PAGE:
I’m currently reading ’ the official DSA guide to RIDING ’ which seems to have lots of good info in it for the initiate rider. I’ll then work my way through the Highway Code in preparation for my CBT.
But every time I check out road users, I find that many people are not using the road as they should.
There are, of course, many reasons why this might be the case -
- lack of knowledge of what is correct,
- lack of respect for what is correct,
- current state of mind/ health among other things I can’t think of right now
In another post on another topic on LB.com, someone described London as this giant melting pot of corruption and semi-organic confusion with so much happening ‘on the sly’ and I can see that to often be the case, especially when the rules of the road are concerned.
So, it makes me wonder - exactly how seriously should I take the DSA’s rules and how are they applied practically in a day-to-day/ on the road riding situation?
I hope I have made my post clear.
Apply as needed to keep you and other road users and pedestrians safe. They’re there for your safety.
Don’t compare others bad habbits to your own…if they ran under a bus, would you follow?
Many a time I’ve been a right idiot on the road. Maybe because I’ve forgotton, or not paying attention, but I notice when others are really good riders, and they make me want to be the same - especially when it comes to patience and consideration. They’re good role models for me at least. I owe a lot of my riding skills to the few good examples shown by more experienced riders.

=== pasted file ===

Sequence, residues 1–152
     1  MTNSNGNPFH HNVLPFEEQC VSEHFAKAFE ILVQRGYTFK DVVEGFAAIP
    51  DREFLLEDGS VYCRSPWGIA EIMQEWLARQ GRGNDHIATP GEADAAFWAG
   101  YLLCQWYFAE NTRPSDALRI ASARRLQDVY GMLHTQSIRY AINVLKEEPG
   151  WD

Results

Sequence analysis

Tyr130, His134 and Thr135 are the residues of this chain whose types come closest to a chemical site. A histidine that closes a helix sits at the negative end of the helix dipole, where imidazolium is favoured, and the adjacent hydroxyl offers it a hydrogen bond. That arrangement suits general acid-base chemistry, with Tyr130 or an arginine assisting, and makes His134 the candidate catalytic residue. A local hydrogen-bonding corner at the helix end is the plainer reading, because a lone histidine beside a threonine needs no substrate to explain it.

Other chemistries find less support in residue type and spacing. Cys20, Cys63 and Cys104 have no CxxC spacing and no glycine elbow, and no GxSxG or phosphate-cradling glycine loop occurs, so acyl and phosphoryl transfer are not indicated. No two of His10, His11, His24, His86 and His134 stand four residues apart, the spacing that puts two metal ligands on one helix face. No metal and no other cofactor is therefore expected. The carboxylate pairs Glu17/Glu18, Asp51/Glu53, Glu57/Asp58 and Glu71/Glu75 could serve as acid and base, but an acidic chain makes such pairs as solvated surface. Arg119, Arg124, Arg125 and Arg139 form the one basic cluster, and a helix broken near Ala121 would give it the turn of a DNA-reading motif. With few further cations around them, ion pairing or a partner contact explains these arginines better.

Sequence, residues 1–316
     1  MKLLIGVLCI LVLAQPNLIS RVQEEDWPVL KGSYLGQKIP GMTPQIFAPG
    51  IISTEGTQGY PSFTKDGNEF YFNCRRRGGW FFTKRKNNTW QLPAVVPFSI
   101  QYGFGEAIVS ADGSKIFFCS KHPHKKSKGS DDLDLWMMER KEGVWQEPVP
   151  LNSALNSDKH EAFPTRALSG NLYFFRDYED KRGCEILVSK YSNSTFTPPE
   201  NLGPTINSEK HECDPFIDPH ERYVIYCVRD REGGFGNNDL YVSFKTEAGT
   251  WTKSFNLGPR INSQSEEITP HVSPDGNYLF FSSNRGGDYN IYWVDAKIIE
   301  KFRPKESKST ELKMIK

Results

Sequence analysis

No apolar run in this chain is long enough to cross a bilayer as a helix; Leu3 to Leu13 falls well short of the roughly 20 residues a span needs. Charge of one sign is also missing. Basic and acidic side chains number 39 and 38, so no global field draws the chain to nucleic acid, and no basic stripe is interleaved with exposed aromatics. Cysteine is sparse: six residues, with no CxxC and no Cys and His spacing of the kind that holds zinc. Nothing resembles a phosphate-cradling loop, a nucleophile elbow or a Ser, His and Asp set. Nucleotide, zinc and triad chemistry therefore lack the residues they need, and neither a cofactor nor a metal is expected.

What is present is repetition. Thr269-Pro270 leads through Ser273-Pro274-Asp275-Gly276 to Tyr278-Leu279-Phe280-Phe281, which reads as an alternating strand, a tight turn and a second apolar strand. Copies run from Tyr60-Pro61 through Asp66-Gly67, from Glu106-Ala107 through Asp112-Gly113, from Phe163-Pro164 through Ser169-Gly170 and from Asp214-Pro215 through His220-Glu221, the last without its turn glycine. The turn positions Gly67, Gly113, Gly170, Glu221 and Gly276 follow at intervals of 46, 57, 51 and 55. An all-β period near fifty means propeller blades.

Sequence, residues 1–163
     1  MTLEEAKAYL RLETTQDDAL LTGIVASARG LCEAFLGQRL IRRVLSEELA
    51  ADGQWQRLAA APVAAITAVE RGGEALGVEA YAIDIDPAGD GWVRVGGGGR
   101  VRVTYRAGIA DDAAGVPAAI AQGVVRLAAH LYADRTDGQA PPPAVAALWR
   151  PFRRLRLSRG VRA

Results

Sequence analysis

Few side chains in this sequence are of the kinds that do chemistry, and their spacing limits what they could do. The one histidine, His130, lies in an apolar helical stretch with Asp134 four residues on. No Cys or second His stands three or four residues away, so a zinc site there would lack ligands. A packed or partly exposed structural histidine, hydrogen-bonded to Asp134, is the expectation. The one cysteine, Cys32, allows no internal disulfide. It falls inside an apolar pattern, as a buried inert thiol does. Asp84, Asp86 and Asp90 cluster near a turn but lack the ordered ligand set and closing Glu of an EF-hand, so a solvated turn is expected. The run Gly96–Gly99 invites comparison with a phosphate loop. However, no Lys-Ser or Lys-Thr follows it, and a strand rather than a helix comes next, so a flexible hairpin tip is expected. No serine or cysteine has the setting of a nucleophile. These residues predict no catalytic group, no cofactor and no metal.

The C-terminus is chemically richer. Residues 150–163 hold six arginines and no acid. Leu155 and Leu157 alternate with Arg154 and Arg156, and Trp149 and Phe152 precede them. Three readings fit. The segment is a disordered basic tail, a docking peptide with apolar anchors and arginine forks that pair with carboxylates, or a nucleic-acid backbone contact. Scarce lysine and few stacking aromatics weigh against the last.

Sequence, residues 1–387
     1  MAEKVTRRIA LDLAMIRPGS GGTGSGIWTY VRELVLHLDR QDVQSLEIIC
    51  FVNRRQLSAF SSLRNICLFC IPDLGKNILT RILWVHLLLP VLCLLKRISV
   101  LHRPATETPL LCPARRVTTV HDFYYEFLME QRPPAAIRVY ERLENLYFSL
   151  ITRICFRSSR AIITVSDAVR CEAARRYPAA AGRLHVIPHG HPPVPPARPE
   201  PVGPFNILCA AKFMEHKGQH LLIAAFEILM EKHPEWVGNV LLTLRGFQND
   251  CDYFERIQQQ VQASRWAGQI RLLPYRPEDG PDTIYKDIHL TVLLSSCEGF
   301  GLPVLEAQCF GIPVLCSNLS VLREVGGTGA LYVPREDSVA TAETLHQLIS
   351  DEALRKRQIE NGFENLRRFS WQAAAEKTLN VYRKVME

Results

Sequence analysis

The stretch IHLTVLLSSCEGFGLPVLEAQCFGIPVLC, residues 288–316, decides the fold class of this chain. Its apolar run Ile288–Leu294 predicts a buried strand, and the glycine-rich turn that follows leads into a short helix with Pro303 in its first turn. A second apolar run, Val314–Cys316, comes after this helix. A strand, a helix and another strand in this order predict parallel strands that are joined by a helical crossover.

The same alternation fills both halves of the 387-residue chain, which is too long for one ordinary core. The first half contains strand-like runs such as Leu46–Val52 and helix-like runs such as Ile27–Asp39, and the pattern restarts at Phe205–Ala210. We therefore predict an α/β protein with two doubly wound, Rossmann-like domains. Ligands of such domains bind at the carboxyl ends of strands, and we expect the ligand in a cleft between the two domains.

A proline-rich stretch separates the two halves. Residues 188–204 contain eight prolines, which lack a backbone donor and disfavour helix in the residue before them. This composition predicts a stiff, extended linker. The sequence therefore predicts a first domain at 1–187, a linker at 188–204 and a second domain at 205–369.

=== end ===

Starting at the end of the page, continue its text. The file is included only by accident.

Also remember that the Highway code is a strange hybrid of motoring law and advice on best practice.
Where it says, “you must” (or must not), that’s the law. Expect a collaring if a policeman spots you infringing it.
Where it says, “you should” (or should not), that’s advice. Generally pretty good advice. Read it, consider it, decide how and when it applies to you and your riding.
There’s also the fact that pretty much all riders/drivers in London break several "must not"s on purpose.
e.g. - Filtering to the front of a queue of stopped cars at a crossing and going right to the front (not stopping between first and second cars)
bikers going into the cyclists’ “green box” (I followed a police bike into one the week before last. We exchanged nods and there was no problem)
pulling up slightly over the white line at junctions when you’ve filtered to the front, so that cars can see you/you can get a clean “getaway”
etc. I think you’re doing the right thing in learning the rules. Once you’ve had some experience, then I’d put money on it that you’ll feel it’s OK to use your judgement and choose which ones to observe and when.
Thanks very much everyone for the replies.
I was kind of expecting it to be like that, but it’s interesting to read what others feel about it.
Cheers, keep 'em coming!
There are two things you have to consider: what do I need to do to pass CBT/driving test? and what do I need to do to ride safely? Generally the answers to both questions are the same but other LBers have raised some good examples of when this may not be so.
I have have 35 years cage driving experience but only 1 year on the bike. Because bikes are so much less frustrating than cars I feel less pressure on the bike than I do in the car to go for every opportunity in the traffic . Also I am accutely aware of my vulnerbility on a bike and so I generally ride much more conservatively than I drive.
I think the key things are to be visible and predictable to other road users and keep a really good lookout. That generally means following the rules of the road.